Re-shoring? Additive Manufacturing!

I was laughing half the flight to the US, after watching this movie from 2016, Outsourced (, about an American guy, whose entire call center, selling American patriotic products, was off-shored to India (a place, hours away from the closest burger joint), that in order to preserve his stock options, had to protect his employment by relocating to India.

The purpose of my travel to the US, was to explore the investment casting industry (, to find out how additive manufacturing could add efficiency to this ancient process, by replacing molded wax patterns, with printed ones. There, I learnt, that the entire golf club manufacturing ($7.4B in 2019) has been off-shored to China. Being a labor intensive product with, relatively, low added value, it wasn’t economically feasible to further manufacture it in North America. Investment casting in the US still exists, but only for high added value products and products in which confidentiality matters.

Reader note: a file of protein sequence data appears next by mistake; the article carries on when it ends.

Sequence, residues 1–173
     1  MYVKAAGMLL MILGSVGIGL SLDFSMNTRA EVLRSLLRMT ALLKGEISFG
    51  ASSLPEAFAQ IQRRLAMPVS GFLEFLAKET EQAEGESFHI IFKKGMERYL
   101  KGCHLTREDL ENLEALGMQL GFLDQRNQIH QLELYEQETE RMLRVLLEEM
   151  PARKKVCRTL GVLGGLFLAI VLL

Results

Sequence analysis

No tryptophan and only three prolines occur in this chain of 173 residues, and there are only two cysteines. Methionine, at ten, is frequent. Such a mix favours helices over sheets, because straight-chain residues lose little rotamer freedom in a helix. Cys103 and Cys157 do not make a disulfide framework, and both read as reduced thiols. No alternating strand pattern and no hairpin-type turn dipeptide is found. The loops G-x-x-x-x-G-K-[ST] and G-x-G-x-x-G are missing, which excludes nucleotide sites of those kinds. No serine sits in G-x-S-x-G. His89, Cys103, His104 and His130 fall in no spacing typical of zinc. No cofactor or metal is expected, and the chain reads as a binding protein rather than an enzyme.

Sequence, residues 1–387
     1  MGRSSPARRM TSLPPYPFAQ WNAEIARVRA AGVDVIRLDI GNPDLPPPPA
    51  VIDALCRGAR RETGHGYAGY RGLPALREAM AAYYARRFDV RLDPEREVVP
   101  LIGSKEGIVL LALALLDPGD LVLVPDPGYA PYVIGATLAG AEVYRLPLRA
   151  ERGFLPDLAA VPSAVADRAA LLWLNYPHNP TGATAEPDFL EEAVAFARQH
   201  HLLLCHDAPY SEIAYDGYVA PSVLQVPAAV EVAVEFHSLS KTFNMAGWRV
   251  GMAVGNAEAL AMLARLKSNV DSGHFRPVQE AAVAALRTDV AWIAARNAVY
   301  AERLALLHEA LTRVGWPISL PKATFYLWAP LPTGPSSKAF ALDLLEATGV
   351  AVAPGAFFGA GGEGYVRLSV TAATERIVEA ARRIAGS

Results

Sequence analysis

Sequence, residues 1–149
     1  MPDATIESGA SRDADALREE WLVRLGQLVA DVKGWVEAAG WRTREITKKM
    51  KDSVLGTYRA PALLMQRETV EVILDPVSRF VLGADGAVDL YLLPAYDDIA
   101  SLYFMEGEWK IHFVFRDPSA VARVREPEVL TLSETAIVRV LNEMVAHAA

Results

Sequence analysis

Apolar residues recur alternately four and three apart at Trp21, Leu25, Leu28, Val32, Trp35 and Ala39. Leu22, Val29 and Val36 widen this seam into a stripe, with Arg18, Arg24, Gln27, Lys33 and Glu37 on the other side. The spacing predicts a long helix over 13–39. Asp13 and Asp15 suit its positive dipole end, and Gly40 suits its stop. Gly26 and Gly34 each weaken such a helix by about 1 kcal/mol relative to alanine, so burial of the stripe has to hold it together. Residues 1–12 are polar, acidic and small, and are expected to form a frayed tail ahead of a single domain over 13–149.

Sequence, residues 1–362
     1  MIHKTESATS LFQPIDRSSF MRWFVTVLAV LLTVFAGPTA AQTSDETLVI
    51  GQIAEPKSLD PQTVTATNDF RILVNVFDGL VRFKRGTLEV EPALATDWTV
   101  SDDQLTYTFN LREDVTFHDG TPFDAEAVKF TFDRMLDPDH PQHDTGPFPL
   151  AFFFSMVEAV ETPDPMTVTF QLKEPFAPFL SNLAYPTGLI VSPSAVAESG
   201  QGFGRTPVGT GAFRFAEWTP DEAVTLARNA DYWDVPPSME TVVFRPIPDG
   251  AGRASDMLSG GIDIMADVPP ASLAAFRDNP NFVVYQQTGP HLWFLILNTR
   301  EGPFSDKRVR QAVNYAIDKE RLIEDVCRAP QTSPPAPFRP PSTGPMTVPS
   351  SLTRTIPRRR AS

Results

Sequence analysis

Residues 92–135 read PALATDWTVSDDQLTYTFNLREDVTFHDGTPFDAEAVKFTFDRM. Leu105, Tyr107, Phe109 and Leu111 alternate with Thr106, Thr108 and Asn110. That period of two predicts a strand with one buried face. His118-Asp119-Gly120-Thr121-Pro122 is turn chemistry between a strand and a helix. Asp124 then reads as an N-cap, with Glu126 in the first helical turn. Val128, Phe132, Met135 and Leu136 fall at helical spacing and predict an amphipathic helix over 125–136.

It is not only about (simple?) products such as golf clubs. At the outbreak of the COVID-19 pandemic and related economic crisis, different companies and states, experienced a total break of their supply chains, as China immediately went into a complete lock down. This was a clear indication, that the threat, embedded in the dependency upon one remote supply source, is dangerous, no matter who and where that major manufacturing hub is.

A very alarming example for this, was the Paracetamol (a very much needed and common medication) shortage in Europe, during the COVID-19 first wave (currently 72% of the medications consumed in the US are manufactured abroad). Only then, the leaders of a few leading economies, got a clear illustration of how dependent their countries are on off-shored manufacturing.